Of many physical parameters critical to design of grinding processes, impact of grinding media is among the most difficult to measure or predict. Yet impact of falling grinding balls, pebbles, or rods accomplishes the fine grinding essential to metallurgical recovery of most important minerals. Unfortunately, the same impacts that break ore fragments deform or crack grinding mill liners.

Design of an instrumented impact test ball for in-mill testing involved several considerations; survival of ball and instruments, retrieval of ball, maximizing generation of impact data, and fabrication of a ball capable of these ends.

Six Protect-A-Pak accelerometers were chosen to optimize data recovery per test, covering the expected impact range in reasonably small increments. Clusters of 3 units arranged in equilateral triangles in each ball half require a 72mm diameter cavity 51mm long. Geometry of the cavity requires a minimum sphere of 89mm to contain it and 10-15mm additional metal surrounding the compartment to provide strength. Final ball diameter was 140mm. The test ball must be substantially larger than standard 75mm balls in the Climax mills to be easily recovered and minimize chance of loss in the ball charge.

The ball was machined from alloy steel shafting and weighs 7.14kg with 6 accelerometers. Large grinding balls 89-127mm are common in larger mills and weight 2.9 8.4kg, a range which includes weight of the impact test ball.

Series I drop tests used a 76mm alloy steel grinding ball at 63HRC surface hardness with Protect-A-Pak accelerometers of several ratings cemented to a flat ground on the ball. The test ball, suspended in a light wire harness, was dropped from gradually increased heights until the accelerometers responded in hitting a worn 100kg mill end liner of 20%Cr 2%Mo 1%Cu martensitic iron alloy.

Test Series II with same equipment but with the liner plate covered with a single-particle layer of sized Climax ball mill feed material (high-silica granite molybdenum sulfide ore, Bond Work Index 10.1-10.8) in Tyler screen sizes +100-65 mesh, +65-10 mesh, +10-3 mesh, +3 mesh-9.5mm, and greater than 9.5mm, were tested. A fresh layer of ore material was used for each drop. Larger, resettable Protect-A-Pak Omni-G accelerometers measured decelerations.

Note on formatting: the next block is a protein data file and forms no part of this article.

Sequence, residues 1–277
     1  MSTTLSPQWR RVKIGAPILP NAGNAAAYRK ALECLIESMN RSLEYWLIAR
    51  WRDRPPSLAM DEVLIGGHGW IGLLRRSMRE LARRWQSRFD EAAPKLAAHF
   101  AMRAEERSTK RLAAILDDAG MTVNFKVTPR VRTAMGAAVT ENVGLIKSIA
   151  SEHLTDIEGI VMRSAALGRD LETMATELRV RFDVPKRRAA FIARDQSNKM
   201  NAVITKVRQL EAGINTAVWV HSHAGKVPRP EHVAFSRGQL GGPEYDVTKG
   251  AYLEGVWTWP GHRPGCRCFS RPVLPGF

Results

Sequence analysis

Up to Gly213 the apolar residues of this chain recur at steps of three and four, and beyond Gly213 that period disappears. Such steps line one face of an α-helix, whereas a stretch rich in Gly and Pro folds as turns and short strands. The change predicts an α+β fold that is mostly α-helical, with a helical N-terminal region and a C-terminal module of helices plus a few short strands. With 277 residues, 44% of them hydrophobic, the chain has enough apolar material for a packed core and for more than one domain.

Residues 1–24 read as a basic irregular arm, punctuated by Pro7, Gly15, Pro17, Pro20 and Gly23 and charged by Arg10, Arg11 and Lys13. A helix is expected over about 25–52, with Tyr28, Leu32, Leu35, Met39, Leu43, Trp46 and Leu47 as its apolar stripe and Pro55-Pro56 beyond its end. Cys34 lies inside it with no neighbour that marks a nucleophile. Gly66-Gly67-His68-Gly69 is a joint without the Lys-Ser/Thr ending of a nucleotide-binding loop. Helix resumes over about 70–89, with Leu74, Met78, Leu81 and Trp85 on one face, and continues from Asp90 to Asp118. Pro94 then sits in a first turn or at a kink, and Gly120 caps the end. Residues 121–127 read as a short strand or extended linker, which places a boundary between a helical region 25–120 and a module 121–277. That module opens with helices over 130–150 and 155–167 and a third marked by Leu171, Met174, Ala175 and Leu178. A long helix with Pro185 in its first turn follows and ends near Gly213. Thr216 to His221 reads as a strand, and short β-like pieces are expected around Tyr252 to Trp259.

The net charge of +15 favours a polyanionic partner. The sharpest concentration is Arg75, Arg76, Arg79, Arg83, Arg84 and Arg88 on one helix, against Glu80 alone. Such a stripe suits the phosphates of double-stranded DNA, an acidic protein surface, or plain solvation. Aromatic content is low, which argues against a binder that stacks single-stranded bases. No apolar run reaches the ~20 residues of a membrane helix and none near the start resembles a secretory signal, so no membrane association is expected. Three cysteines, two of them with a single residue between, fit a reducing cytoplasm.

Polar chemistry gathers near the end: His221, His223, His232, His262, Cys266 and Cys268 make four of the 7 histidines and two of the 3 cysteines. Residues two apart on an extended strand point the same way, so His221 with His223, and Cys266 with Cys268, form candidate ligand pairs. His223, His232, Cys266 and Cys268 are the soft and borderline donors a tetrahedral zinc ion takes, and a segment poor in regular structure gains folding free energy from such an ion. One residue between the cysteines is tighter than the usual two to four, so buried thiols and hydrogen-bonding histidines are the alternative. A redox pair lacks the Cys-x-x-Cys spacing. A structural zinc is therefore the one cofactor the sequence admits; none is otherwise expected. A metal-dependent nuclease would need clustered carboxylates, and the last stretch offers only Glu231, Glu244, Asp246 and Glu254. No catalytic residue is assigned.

Data from drop ball tests seem to be fairly well confirmed by in-mill tests with the hollow instrumented ball which, although heavier, is larger in diameter, less convex, softer steel, and strikes either the tumbling mass of ore and balls or descending mill liners. The ball was placed and recovered in the feed end of the mill where impact is known to be less severe.

Ball mills are extensively used in the size reduction process of different ores and minerals. The fill level inside a ball mill is a crucial parameter which needs to be monitored regularly for optimal operation of the ball mill. In this paper, a vibration monitoring-based method is proposed and tested for estimating the fill level inside a laboratory-scale ball mill. A vibration signal is captured from the base of a laboratory-scale ball mill by using a5g accelerometer. Features are extracted from the vibration signal by using different transforms such as fast Fourier transform, discrete wavelet transform, wavelet packet decomposition, and empirical mode decomposition. These features are given as input to an artificial neural network which is used to predict the percentage fill level inside the ball mill. In this paper, the predicted fill level obtained by using different features are compared. It is found that the predicted fill level due to features obtained after fast Fourier transform outperforms other transforms.

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Nayak, D.K., Das, D.P., Behera, S.K. et al. Monitoring the fill level of a ball mill using vibration sensing and artificial neural network. Neural Comput & Applic 32, 15011511 (2020). https://doi.org/10.1007/s00521-019-04555-5

KIMA Echtzeitsystemes fill-level measuring device, used for ball mills in the cement industry for over seven years, has now been adapted and developed for use in coal mills. A new fill-level sensor enables reliable fill-level measurements, even with fluctuations in coal quality or moisture levels. Tested over a period of several months, the SmartFill for Coal has proven itself able to take precise fill-level measurements reliably and without errors. The technology helps to achieve homogenous degrees of fineness, thereby improving the combustion properties of the coal. This, in turn, leads to a reduction in unburned coal and, consequently, better energy efficiency, the company says. (http://www.kimae.de)

We can calculate the steelcharge volume of a ball or rod mill and express it as the %of the volume within the liners that is filled with grinding media. While the mill is stopped, the charge volume can begottenby measuring the diameter inside the liners and the distance from the top of the charge to the top of the mill. The %loading or change volume can then be read off the graphbelowor approximated from the equation and calculation:

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